Col. Choike’s assessment that Manning should not be detained at Quantico for more than 90 days, meanwhile, wound up still six months shy of the ultimate duration of Manning’s detainment at the Virginia brig–an amount of time at least two military psychiatrists agreed could be harmful to anyone’s health, given the confinement conditions. Although Choike’s timeline stretched farther than others, even he felt strongly enough about Quantico’s inadequacy to raise this issue with superiors such as Gen. Flynn. Judge Denise Lind herself sought clarification in court this week, asking Oltman about the facility’s capability of accommodating detainees for three months, let alone six or more.
The effect of this pairing amounted to something of a square peg forced into a round hole, leaving Manning confined to a 6×8-foot cell for up to 23 hours a day in conditions garnering international outcry from supporters, as well as human rights advocates ranging from Amnesty International, UN Special Rapporteur on Torture Juan Mendez, Archbishop Emeritus and Nobel Peace Prize laureate Desmond Tutu, director Michael Moore and “Pentagon Papers” whistleblower Daniel Ellsberg.
Throughout his roughly nine months at Quantico, the already meager dimensions of Manning’s incarceration were exacerbated by the intense administrative restrictions of his Suicide and Prevention-of-Injury statuses, which brig psychiatrists consistently criticized as lacking sound clinical basis.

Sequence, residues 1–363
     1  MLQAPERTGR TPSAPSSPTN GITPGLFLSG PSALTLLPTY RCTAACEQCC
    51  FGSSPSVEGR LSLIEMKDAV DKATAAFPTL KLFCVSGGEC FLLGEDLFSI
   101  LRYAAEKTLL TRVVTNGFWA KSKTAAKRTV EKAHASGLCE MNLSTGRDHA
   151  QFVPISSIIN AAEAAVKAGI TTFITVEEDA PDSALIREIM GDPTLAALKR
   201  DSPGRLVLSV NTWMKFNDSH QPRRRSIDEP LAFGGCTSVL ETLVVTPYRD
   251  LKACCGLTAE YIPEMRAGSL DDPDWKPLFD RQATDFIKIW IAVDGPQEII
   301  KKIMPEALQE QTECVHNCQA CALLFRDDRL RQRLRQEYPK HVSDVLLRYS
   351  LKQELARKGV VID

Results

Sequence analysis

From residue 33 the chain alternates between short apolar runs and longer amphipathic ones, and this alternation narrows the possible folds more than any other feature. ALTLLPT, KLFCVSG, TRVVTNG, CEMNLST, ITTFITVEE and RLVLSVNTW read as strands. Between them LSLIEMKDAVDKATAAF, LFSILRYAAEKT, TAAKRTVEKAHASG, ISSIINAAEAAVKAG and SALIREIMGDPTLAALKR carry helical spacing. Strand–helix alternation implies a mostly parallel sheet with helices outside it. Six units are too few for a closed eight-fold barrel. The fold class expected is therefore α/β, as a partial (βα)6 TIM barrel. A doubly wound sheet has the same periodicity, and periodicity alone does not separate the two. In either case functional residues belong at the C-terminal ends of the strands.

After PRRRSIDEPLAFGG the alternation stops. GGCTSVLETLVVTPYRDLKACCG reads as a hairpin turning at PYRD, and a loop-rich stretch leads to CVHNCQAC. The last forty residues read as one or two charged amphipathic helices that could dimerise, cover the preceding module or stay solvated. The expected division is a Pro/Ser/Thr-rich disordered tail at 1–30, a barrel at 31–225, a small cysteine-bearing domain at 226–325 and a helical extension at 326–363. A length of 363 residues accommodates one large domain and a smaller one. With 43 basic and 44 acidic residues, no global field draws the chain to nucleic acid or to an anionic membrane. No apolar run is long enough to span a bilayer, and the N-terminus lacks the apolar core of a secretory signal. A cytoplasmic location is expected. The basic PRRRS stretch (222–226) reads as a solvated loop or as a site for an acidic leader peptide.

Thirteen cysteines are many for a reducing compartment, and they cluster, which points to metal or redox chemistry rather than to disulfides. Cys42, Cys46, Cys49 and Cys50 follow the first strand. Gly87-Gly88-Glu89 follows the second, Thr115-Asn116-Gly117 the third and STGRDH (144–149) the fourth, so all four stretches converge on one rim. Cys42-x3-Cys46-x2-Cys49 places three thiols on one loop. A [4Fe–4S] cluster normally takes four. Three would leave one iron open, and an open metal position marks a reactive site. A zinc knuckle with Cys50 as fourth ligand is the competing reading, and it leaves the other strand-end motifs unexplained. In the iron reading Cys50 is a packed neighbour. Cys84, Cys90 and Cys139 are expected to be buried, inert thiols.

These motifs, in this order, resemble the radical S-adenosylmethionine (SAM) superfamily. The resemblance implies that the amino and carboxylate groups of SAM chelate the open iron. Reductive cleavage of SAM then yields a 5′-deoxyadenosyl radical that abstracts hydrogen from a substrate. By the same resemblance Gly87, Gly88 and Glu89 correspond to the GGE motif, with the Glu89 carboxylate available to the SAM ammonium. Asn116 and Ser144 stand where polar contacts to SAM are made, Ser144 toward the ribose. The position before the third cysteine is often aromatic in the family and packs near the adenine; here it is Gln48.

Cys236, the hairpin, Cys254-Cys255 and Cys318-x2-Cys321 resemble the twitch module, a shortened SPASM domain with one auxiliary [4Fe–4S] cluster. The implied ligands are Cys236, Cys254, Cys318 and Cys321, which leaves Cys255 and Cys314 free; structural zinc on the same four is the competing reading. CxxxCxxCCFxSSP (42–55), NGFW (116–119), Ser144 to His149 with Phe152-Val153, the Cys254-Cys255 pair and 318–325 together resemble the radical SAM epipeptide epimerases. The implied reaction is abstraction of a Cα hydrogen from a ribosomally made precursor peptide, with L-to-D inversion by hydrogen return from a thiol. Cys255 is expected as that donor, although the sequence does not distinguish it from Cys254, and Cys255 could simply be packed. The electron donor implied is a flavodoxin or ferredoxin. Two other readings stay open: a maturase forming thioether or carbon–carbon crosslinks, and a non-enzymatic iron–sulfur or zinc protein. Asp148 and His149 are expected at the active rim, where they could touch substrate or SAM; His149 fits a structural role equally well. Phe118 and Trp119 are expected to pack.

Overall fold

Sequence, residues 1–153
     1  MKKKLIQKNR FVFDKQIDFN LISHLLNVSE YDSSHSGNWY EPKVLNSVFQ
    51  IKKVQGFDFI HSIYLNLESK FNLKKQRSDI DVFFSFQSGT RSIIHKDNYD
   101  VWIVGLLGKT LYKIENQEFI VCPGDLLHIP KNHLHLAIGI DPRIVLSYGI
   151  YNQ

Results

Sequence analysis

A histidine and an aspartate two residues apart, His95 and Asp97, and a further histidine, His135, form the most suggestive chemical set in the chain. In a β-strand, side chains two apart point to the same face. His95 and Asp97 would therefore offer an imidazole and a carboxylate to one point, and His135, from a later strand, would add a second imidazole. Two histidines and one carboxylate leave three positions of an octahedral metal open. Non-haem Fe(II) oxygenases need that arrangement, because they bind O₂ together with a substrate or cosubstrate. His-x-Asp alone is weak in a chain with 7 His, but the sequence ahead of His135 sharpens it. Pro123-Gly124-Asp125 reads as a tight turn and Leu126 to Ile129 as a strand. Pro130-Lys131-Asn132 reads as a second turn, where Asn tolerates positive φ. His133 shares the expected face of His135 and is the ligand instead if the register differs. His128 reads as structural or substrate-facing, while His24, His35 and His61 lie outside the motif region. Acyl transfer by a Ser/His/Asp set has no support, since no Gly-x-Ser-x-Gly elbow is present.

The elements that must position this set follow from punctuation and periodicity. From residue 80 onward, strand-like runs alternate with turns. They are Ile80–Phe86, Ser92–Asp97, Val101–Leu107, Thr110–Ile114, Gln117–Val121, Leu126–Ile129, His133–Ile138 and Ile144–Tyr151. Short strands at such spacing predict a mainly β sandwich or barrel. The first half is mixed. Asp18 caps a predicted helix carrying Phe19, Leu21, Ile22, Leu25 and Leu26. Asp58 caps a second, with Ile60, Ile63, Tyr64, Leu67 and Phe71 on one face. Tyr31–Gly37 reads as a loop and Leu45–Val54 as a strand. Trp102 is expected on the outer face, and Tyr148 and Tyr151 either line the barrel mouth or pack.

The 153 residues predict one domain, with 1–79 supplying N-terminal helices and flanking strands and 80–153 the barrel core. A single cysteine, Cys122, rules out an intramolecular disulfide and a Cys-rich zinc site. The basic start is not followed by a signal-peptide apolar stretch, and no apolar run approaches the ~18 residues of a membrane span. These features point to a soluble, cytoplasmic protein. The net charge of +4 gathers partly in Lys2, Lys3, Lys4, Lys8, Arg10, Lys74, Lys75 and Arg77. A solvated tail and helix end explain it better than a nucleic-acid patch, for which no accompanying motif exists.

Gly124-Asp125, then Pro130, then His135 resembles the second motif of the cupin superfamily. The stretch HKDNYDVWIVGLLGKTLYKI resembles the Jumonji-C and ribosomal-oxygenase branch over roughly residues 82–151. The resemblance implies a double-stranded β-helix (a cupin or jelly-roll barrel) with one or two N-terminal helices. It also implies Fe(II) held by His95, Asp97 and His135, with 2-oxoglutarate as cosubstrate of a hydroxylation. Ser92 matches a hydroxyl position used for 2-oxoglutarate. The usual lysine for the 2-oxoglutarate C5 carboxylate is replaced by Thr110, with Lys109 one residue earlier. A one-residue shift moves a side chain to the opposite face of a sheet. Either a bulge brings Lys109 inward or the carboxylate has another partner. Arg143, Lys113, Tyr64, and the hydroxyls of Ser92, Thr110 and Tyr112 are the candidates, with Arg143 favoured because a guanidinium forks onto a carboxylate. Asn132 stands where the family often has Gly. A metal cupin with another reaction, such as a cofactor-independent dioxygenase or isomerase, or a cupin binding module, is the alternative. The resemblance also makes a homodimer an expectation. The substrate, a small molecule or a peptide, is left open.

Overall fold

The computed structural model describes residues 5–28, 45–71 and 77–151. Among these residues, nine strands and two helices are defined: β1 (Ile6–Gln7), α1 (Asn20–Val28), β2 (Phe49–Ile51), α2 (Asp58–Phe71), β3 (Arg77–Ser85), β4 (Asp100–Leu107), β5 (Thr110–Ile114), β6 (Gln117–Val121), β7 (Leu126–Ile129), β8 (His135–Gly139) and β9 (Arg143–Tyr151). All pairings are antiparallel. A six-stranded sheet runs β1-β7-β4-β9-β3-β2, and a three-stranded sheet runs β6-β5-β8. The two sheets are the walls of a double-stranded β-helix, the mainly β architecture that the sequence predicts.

When Manning was finally transferred to Fort Leavenworth in April 2011, his new brig’s commander Lt. Col. Dawn Hilton testified the move was ordered because her facility could better meet PFC Manning’s requirements. The comparably new Fort Leavenworth brig, in stark contrast to Quantico, was designed with long-term pre-trial confinement in mind.
Manning’s sudden change of circumstance represented a drastic improvement in his quality of confinement due to Leavenworth’s sophisticated level of medical care, permanent, in-house mental health providers, and an extensive, segregated area for pre-trial detainees, featuring 8×10-foot cells designed for 35 square feet of unencumbered living space, as well as windows and natural light.
Coincidently, within two months of Manning’s transfer, directives from Marine headquarters restructured their classification and assignment systems at Quantico to allow for a prevention-of-injury status outside of the taxing maximum custody category.
Mike McKee is a member of the Bradley Manning Support Network.